Star Wars: Rogue one, robots and religion

January 20, 2017

Star Wars has had a huge impact on the public acceptance of robots. With Rogue One: A Star Wars Story still in the cinemas, Nigel Bovey* talks to religion anthropologist Dr Beth Singler about a possible future populated by artificial intelligence.



Dr Beth Singler (pictured left), as anthropologist of religion and Research Associate at the Faraday Institute for Science and Religion, University of Cambridge, UK, you have researched the New Age movement and new religious movements, such as Scientology and Jediism. What are you investigating now?

I am part of a team researching the social and religious implications of advances in artificial intelligence (AI) and robotics. We are not building or programming robots, or trying to create AI; rather, we are looking at the impact on humans of potentially near-human machines.


Will robots running the world be more than just science fiction?

I suspect advances may not come on a large scale straight away but in smaller ways. Over the next 50 years, automation is going to be one of the biggest changes to daily life. AI and robots are increasingly able to do things that we presumed only humans could do—and that is going to have a social impact.


What is robotics?

Robotics is the creation of a multiple-jointed object that reacts to orders. Robotics doesn’t necessarily imply intelligence, AI, knowledge or skills. It is simply A getting B to do something.


To what extent is Star Wars a working template for robotics?

Science fiction writers often develop ideas about future technology before scientists. The Star Wars robots are particularly interesting because, as well as the human-like C-3PO, there are non-human forms, such as R2-D2.

Star Wars robots are significant because they talk, they reason, they argue—they are very human. Yet in the films they are also commodities, tools that are traded. This offers an insight into the moral considerations of our future.


In an age of increasingly intelligent robots being commonplace and doing the jobs we don’t like, will we be happy to have created a ‘species’ that is intelligent, and possibly has consciousness, that we buy and sell—effectively, a future form of slavery?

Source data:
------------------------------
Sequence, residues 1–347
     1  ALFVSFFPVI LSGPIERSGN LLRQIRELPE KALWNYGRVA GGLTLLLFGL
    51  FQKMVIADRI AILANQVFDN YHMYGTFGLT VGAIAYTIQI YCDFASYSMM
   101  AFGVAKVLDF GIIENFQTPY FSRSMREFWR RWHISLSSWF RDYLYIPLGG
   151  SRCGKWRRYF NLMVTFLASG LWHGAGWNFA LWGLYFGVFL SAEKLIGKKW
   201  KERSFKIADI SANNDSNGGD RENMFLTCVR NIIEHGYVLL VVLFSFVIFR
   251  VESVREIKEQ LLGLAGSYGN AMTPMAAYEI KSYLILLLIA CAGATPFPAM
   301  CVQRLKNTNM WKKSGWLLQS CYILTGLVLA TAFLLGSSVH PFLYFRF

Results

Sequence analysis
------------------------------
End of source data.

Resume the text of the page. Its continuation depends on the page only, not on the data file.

The Bible describes humankind as being made in God’s image. What is your understanding of that idea?

There are a number of strands of Christian response. There is the idea that humans have dominion over, and responsibility for, creation. There are elements of independence, agency and relationship with the creator. 


What are the religious implications of AI?

One question is, how will AI affect humankind’s religious view of itself as the epitome of God’s creation and its relationship with God? If we create AI beings in our image, will they have a relationship with us and a relationship with God? Will they, in fact, be spiritual beings?

From an anthropological viewpoint, I think about how religious communities will react to AI beings. How will they respond when a robot turns up at a church, mosque or synagogue and says, ‘I believe’? Will robots be welcomed? Will they be initiated and integrated into faith communities? This may sound far-fetched, but some strands of mainstream religion are already considering the implications of a transhumanist future.


You have spent many years studying religion. Why does religion appear to motivate people to break the rules of their religion, particularly in terms of ‘thou shalt not kill’?

Because humans are messy, complicated things. Religion is the way people dream. Religion is our aspirations, our narratives and our stories. Like technology, religion can be used for good or for evil. Religion has inspired many charitable acts and humanitarian movements. Religion inspires some people to do dreadful things. Although the rhetoric runs ‘God told me to do this’, the use of religion as a motivator is never as simple as that.


To what extent are new religious movements, such as Jediism and Scientology, a threat to the likes of mainstream Christianity?

The spontaneous emergence of religious groups has a long history. Mormonism and the Jehovah’s Witnesses claim to have grown out of mainstream Christianity. The Rev Moon’s Unification Church claims to be Christian and that he was fulfilling the unfinished work of Jesus.

The difference is that, whereas in the past non-orthodox ideas would have been contained within a village or particular area, emerging technologies have allowed ideas to travel faster and wider.

When the first Star Wars film launched in 1977, nobody was standing on a street corner proclaiming themselves a Jedi and recruiting fellow believers. But with the emergence of the internet in the 1990s, fanzines and material that had previously been circulated at annual conventions started to be spread online to a global community.

I don’t see technology as something that changes the way we behave, but the sharing capability of the internet has enabled people to form and develop new religious communities. It is very likely to keep doing so well into the future.


*Nigel Bovey is editor of UK The War Cry from which this article has been adapted. 

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